“We are seeing a tremendous burden on tenants all across the City to pay these ascending rent increases. Having to choose between activities with family or paying the bills is a choice too many in today’s age are dealing with. There is a solution to these issues and not one that helps in an obtuse way. This will increase the likelihood that rent-stabilized tenants will stay in the neighborhoods that they want to live in and not be forced to move out. Having a rent rollback would be not only ideal but necessary. When people have more money in their pockets, we would begin to see thriving small businesses and businesses of color as a result. The solution is there, we just need to work together to achieve it. Housing is a human right,” said Darius Gordon, executive director of the Met Council on Housing.
“This is a racial justice issue. Black women are more than two times as likely to be evicted as white tenants in New York State,” said Community Voices Heard Executive Director Juanita O. Lewis. “No New Yorker should have to decide between food, childcare, and rent. No New Yorker should have to worry about their rent skyrocketing each year. No New Yorker should face eviction without good cause. Every day, more people in communities across the state are being evicted and the housing crisis deepens. The Legislature cannot stay on the sidelines any longer. Inaction is a failure of leadership. The Senate and Assembly must pass Good Cause eviction protections and a Housing Access Voucher Program before the session ends.”
“The rise in the cost of living and the lack of accountability for predatory landlords has made it impossible for us to continue living and working in our communities. We’ve come too far and worked too hard to be exiled out of our own homes. We, the immigrants, the workers and the tenants of New York, won’t stand for this systemic, discriminatory and predatory displacement. Enough is enough,” said Brayan Pagoada, director of organizing at Churches United for Fair Housing.
“Gov. Kathy Hochul, Senate Majority Leader Andrea Stewart-Cousins, and Assembly Speaker Carl Heastie refuse to address the housing crisis in New York. South Asian and Indo Caribbean immigrant communities who organize with DRUM are facing high eviction rates and being forced out of our homes and neighborhoods. Our people feel backed against a wall with nowhere to go. This is about our survival. The government needs to take decisive action and respond to our demands,” said Rowshon Sarkar, housing justice organizer at Desis Rising Up and Moving.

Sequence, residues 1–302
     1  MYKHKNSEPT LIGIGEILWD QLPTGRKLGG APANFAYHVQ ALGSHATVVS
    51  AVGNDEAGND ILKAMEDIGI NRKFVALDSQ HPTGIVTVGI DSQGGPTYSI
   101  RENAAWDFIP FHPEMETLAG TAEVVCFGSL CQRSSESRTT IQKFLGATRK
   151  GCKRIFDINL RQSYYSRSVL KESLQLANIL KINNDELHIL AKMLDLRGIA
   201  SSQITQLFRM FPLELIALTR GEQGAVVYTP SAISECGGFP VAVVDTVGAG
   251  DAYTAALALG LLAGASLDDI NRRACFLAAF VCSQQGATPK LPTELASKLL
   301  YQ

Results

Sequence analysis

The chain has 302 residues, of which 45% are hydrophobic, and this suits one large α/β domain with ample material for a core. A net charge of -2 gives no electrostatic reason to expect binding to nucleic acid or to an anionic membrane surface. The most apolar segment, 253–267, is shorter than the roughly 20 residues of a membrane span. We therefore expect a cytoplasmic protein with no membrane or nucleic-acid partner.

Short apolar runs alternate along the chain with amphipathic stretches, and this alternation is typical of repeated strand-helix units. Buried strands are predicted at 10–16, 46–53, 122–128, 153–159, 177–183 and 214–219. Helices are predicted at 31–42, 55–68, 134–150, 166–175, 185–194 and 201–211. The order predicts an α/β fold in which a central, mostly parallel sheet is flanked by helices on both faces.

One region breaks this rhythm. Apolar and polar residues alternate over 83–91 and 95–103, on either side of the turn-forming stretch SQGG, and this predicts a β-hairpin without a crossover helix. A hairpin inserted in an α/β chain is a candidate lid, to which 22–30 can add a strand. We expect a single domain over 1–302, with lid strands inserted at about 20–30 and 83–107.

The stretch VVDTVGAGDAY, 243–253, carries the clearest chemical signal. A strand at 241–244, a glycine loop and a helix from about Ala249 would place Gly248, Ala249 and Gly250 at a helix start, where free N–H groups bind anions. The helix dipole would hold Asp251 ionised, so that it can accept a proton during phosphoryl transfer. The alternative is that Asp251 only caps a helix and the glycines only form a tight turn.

“The landlords are draining the life out of tenants! We can’t afford the rent hikes proposed by Eric Adams’ RGB, and I’m marching because we need less rent hikes and more rent strikes. If the mayor can’t make that happen, let’s come together and get another one that hears our plea for a rent rollback,” said Nathan Mitchell, CASA member.
“Chhaya CDC works with many south Asian and Indo-Caribbean tenants living in private homes and basement apartments. Those tenants are faced with the harsh reality that the state does not protect them. We need good cause eviction to stabilize our communities,” said Rima Begum, associate director of housing stability at Chhaya CDC.
“Tenants are sick and tired of broken promises from our government. Doing nothing this year is not an option. Failing to pass any tenant protections this year would cause needless suffering for million in New York. Rent is too damn high tenants in New York City are faced with choosing if they should pay rent or keep food on the table for their kids. Too many people are working two or three jobs and just give their whole check to the landlord and are left without money to put food on the table. Our leadership in Albany failed to take action to protect us. Calling on our governor we need you now more than anything. It is time to step up and make some changes,” said Cynthia Norris, an organizer at New York Communities for Change.
As tenant organizers in Williamsburg, Los Sures has fought hard and won for decades to keep rent stabilized tenants in their homes, but in the past years we’ve seen more and more unregulated tenants come in from across north Brooklyn facing no-cause evictions and we have been powerless to fight for them under New York’s unjust laws. We need Albany to pass good cause NOW, so all tenants in New York have a fighting chance to stay in their homes,” said Lina Rénique-Poole, director of housing resources at Southside United HDFC – Los Sures.